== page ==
One who makes arrows.
A female employee of a family who teaches children within their home. In contrast to a nanny (formerly called a nurse) or a babysitter, she concentrates on teaching children.
Person engaged in the art of mounting or reproducing animals and humans for display.
A person who sews for a living.
Someone who makes wooden staved vessels of a conical form, of greater length than breadth, bound together with hoops and possessing flat ends or heads. Examples of this person's work include but are not limited to casks, barrels, buckets and tubs.
Term applied to the art of untrained and unnamed painters of the American Colonies, or to the artists themselves. Typically the art is ornamental decoration for signs, clock faces, fire buckets, fire screens, etc.
A specialist in the leather processing industry who after the tanning process applies techniques of dressing, finishing and colouring to the tanned hide to make it strong, flexible and waterproof.
One who has tenure and use of the land that is a fenced or enclosed area, usually small and arable with a his/her dwelling thereon.
Street seller of fruit and vegetables. The term derived from the words for a type of apple and monger, i.e. "seller", came to be particularly associated with the "barrow boys" of London who would sell their produce from a wheelbarrow or wheeled market stall.
A wine steward who is a trained and knowledgeable wine professional, commonly working in fine restaurants, who specializes in all facets of wine service.
Someone involved in the business of funeral rites. The job often entails the burial or cremation of the dead, as well as the planning and arrangement of the actual funeral ceremony.
Someone who removes hair from animal hides in preparation for tanning.
An employee who lives on the premises of apartment buildings and serves as a general property caretaker; while the phenomenon and the term are most common in France, they can be seen elsewhere.
An official responsible for investigating deaths, particularly those happening under unusual circumstances, and determining the cause of death.
S/he is the direct assistant of the executive chef and is second in command. May be responsible for scheduling, and filling in for the executive chef when he or she is off-duty.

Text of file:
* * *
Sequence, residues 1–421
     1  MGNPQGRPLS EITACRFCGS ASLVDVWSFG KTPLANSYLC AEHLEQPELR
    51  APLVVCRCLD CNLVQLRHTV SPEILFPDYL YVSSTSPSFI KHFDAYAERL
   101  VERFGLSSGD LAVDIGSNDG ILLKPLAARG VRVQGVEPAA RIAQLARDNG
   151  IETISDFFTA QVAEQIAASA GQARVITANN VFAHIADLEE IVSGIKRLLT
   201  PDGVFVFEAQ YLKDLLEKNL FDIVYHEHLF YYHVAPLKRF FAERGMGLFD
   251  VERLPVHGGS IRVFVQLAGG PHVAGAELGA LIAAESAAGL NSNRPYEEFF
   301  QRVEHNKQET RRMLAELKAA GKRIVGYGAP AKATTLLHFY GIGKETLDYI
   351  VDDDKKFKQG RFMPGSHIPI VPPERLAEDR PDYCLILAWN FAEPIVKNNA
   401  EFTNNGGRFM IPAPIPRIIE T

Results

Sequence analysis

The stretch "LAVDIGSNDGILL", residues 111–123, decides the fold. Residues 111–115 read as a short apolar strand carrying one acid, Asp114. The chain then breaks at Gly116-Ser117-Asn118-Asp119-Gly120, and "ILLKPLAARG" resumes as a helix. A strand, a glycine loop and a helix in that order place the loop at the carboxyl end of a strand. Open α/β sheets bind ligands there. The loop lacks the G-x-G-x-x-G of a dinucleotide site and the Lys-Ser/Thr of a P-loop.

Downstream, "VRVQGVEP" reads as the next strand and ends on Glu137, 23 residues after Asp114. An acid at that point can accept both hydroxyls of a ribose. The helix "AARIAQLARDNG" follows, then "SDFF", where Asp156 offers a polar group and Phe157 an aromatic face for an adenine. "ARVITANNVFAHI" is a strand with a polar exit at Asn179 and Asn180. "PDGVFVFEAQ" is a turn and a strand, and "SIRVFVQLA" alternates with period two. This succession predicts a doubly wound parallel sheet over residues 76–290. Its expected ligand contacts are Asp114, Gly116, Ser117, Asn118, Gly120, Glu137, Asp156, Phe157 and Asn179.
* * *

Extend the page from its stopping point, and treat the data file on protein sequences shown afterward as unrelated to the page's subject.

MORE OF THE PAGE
Person engaged in the process of wine production, from the selection of grapes to the bottling of finished wine.
A content specialist of a heritage institution (museum, gallery etc.) who is responsible for an institution's collections.
A person who keeps honey bees for the purposes of securing commodities such as honey, beeswax, pollen; pollinating fruits and vegetables.
A person who sells small, commonly used items of clothing via retail which can include ribbons and buttons or completed accessories such as hats or gloves.
A construction professional that selects, cuts, installs, replaces, and removes residential, commercial, and artistic glass. They also install aluminum storefront frames and entrances, glass handrails and balustrades, shower enclosures, curtain wall framing and glass and mirror walls.
Also known as a coppersmith, he is one who works copper.
A hotel porter, who helps patrons with their luggage while checking in or out. The name is derived from the fact that the hotel's front desk would ring to summon an available employee, who would jump to attention at the desk in order to receive instructions.
An officer who can administer oaths and statutory declarations, witness and authenticate documents and perform certain other acts depending on the jurisdiction.
First used by the French military, he was one who excavated trenches under defensive musket or artillery fire to advance a besieging army's position.
A professional in the practice of the management and maintenance of trees. Work may also include care of shrubs, vines, and other perennial woody plants.
A wine merchant who assembles the produce of smaller growers and winemakers and sells the result under its own name.
A specialist in equine hoof care, including the trimming and balancing of a horse's hoof so as to fit shoes to the horse's foot.
Somebody who makes shoes and other articles from fine soft leather. The word is derived from the leather produced in Córdoba, Spain.
A member of the deck department of a ship. On naval vessels, the s/he is a warrant officer or petty officer and on merchant ships, the foreman of a ship's deck crew and is sometimes also third or fourth mate.
A business professional who deals with the financial impact of risk and uncertainty.
Historically, he was a person who worked with ropes for hoisting the sails of a ship. Today, he specializes in the lifting and or moving of extremely large and/or heavy objects.
In theatre, the responsibilities of this profession typically include the hiring of actors, the development of a season of plays with a sense of the coherence among them, the assistance with and editing of new plays by resident or guest playwrights and the like.
A person who installs plastic moulding strips into slotted edges of metal tabletops using a mallet and bandsaw.
An occupation in the Middle Ages, now defunct. This person was chosen by the lord of the manor or elected by the villagers to lead the sowing and harvesting, to impound stray cattle, and to supervise hedging and temporary fencing around hay meadows.
Someone who makes or sells candles and/or soap.
Was traditionally a person who could read and write. This usually indicated secretarial and administrative duties such as dictation and keeping business, judicial, and history records for kings, nobility, temples, and cities.